July 17, 2012
You’re a small business owner and things are starting to pick up, and it’s time to add a few new used trucks to your fleet. Or maybe you’re a fleet manager needing to replace aging, non-EPA compliant equipment.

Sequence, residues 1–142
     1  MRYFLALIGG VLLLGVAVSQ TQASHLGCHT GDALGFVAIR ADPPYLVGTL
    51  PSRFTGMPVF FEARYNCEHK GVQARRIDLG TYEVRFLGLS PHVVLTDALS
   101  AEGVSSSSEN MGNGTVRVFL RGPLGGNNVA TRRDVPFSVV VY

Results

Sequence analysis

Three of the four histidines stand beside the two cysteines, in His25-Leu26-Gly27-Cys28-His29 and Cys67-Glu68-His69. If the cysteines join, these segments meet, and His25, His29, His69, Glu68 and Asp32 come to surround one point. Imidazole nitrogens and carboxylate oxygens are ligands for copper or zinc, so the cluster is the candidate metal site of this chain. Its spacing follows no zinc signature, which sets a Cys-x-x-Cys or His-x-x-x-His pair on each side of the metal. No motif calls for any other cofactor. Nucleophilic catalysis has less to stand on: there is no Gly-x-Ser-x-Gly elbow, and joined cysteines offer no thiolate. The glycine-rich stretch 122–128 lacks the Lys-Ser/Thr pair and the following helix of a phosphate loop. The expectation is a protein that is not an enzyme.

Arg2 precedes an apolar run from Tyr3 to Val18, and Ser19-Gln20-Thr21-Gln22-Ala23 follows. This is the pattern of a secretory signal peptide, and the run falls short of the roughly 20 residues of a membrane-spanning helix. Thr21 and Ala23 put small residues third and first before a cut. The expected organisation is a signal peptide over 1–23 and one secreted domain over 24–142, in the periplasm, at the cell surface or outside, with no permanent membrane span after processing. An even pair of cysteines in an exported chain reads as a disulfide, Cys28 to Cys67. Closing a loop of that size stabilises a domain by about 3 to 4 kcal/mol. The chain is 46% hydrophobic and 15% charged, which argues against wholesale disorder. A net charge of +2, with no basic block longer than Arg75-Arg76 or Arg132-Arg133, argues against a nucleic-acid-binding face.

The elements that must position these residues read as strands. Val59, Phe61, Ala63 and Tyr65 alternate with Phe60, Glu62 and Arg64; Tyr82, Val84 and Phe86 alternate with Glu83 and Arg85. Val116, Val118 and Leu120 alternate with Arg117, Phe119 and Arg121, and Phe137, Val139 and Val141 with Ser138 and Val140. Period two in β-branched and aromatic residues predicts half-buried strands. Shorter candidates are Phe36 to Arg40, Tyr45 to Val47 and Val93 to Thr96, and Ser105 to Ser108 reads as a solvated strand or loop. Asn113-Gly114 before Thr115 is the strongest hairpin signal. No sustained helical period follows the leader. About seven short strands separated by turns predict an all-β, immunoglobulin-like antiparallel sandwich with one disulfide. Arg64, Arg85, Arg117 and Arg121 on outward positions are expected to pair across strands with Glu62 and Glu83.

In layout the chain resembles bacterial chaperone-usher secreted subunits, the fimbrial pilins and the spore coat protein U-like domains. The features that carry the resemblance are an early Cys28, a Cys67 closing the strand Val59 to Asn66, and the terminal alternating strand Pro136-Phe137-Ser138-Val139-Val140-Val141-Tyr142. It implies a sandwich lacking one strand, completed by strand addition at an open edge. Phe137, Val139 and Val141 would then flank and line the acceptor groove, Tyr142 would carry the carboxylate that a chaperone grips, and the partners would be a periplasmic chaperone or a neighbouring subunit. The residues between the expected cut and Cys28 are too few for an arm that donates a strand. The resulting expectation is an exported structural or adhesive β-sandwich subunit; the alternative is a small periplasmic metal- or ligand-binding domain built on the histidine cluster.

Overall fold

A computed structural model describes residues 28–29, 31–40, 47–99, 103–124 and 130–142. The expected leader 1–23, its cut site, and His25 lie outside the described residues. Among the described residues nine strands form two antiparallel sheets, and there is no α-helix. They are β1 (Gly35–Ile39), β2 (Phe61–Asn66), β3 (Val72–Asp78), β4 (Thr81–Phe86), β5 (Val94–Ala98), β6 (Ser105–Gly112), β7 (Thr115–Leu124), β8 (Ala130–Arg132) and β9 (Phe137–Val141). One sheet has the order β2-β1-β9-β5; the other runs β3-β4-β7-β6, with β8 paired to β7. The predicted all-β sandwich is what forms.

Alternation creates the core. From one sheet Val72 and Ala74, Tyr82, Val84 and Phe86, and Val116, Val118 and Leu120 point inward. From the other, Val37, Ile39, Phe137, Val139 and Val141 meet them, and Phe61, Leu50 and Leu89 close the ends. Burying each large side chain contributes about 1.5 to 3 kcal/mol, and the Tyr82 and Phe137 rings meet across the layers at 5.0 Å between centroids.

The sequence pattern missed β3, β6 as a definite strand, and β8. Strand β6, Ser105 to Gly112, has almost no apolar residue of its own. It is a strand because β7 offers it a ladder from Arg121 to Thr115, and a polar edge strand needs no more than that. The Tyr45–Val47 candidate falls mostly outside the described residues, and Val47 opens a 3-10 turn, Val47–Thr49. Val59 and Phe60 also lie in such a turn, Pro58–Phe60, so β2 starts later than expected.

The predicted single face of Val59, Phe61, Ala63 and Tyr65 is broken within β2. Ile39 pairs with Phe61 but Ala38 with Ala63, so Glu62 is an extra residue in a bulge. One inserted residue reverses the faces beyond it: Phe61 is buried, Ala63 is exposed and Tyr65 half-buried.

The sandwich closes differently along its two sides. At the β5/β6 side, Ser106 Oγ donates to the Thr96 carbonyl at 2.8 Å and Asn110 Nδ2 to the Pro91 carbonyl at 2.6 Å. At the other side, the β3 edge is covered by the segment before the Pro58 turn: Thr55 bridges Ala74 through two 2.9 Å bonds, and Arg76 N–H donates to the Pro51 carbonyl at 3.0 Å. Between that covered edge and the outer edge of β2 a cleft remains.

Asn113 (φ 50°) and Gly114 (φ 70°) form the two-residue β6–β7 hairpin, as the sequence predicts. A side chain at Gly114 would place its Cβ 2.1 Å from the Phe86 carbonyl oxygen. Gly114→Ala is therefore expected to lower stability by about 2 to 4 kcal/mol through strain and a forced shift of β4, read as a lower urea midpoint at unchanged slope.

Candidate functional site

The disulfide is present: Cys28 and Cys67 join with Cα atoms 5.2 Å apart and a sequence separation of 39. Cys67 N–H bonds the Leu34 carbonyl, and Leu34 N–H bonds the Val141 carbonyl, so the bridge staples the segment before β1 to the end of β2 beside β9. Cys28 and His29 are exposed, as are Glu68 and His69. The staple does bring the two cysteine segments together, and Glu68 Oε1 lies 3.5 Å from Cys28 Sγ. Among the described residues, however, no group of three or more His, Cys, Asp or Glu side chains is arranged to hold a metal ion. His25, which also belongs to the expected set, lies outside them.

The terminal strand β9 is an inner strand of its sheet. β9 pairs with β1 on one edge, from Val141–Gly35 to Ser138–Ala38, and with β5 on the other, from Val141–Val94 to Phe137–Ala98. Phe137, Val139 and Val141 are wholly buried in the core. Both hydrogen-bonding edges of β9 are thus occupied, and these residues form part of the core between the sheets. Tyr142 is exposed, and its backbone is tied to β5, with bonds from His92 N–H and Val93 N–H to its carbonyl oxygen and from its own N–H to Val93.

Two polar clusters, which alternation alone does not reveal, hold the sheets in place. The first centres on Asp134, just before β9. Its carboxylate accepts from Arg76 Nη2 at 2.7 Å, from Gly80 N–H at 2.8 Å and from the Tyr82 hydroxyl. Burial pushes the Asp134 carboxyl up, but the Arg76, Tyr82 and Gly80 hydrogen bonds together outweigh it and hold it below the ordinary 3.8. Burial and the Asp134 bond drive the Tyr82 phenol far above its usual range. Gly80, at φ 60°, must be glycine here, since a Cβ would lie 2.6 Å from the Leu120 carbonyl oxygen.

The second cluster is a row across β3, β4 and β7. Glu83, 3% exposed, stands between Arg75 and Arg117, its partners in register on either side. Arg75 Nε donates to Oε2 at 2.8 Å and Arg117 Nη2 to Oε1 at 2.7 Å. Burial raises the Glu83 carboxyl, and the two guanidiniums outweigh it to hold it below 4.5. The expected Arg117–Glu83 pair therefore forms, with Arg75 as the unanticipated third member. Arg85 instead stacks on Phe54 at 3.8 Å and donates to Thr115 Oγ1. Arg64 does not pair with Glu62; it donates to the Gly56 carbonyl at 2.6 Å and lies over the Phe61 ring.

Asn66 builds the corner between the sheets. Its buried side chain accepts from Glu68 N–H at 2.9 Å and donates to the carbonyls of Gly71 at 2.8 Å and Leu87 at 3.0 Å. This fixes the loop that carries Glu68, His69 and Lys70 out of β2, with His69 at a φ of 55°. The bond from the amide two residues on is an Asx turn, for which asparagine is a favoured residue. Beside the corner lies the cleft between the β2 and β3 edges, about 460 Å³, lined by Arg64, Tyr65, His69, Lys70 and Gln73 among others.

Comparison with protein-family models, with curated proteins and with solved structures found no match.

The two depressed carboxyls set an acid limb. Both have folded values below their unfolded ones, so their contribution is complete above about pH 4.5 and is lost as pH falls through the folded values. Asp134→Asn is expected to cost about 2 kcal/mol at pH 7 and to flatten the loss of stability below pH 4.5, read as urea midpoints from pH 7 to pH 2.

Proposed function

<p>How do you go about the process of acquiring used trucks? The experts at Penske Truck Leasing can offer you a few tips. Penske <a href="https://www.penskeusedtrucks.com/">annually sells over 23,000 late model trucks</a> still in great condition, to help freshen a North American fleet of over 210,000.</p><p>“The first thing to look for is to find a truck that fits your application,” explained Bob Glenn, Penske’s director of remarketing. “What type of specs do you need in a vehicle?”</p><p>The choice generally is between tractors and box trucks. Here are Glenn’s checklists for each.</p><p>When it comes to light- and medium-duty trucks, a prospective buyer needs to determine:</p><ul class="ee-ul"> <li>Weight requirements</li> <li>Need for a commercial driver license-required vehicle, or non-CDL unit</li> <li>Type of body: refrigerated, standard or flatbed?</li> <li>How many cubic feet are needed? e.g. will it need to hold six or eight pallets?</li> <li>Are you seeking a gas or diesel-powered unit? Automatic or manual transmission?</li> <li>What are the skill sets of your drivers?</li></ul><p>When it’s time for tractor shopping, be sure to consider:</p><ul class="ee-ul"> <li>Day cab or sleeper?</li> <li>Over-the-road, or local hauling usage?</li> <li>Number of axels needed, to correspond with the type of freight to be hauled</li> <li>Is fuel efficiency a strong consideration?</li></ul><p>Once the buyer has made a list of needed specs, attention must be paid to budgets.</p><p><img class="rm-shortcode" data-rm-shortcode-id="f4343eb68019f0c8d365f870e0ace6d9" data-rm-shortcode-name="rebelmouse-image" id="d42d1" type="lazy-image" data-runner-src="https://assets.rebelmouse.io/eyJhbGciOiJIUzI1NiIsInR5cCI6IkpXVCJ9.eyJpbWFnZSI6Imh0dHBzOi8vYXNzZXRzLnJibC5tcy8xOTEyNjkzMC9vcmlnaW4uanBnIiwiZXhwaXJlc19hdCI6MTY0NzI1ODgxNX0.s8hZtar3Bax3DcU_XJyPqC4Jgyq8g2s67NRphf0spOA/img.jpg?width=980"/>“Will you be financing the vehicles, or will you be paying cash?” Glenn asked. ”When your budget is set, you’re able to look at a variety of vehicle types. With a smaller budget, you may have to take a harder look at adjusting vehicle age and mileage.</p><p>“When you choose to go the financing route, the lender has a significant say in the type of vehicle purchased,” Glenn added. “They’re looking at the risk of vehicle failure and the size of the note.”</p><p>Some mileage tips from Penske: After hitting 100,000 miles, light-duty trucks generally have three to five strong years of run time before major engine work is required; Glenn noted that medium-duty trucks “are highly serviceable through 300-350,000 miles.”</p><p>For heavy-duty Class 8 trucks, Glenn likes to point out they likely will run great through the 600,000 to 700,000 mark.</p><p>Other truck buying tips Glenn is able to pass on after 18 years of experience in the transportation industry:</p><ul class="ee-ul"> <li>Look to obtain maintenance history reports</li> <li>Seek an extended warranty (most reputable companies offer one to two years)</li> <li>Request an inspection, by your fleet manager or senior maintenance technician, before taking ownership</li></ul><p>Be sure to visit <a href="https://www.penskeusedtrucks.com/">https://www.penskeusedtrucks.com/</a> for a sizable inventory of equipment, financing and warranty options.</p><p>“Good luck with your used truck shopping,” Glenn said. “There are a lot of great options out there.”</p><p align="right"><em>By Alen Beljin</em></p></div>
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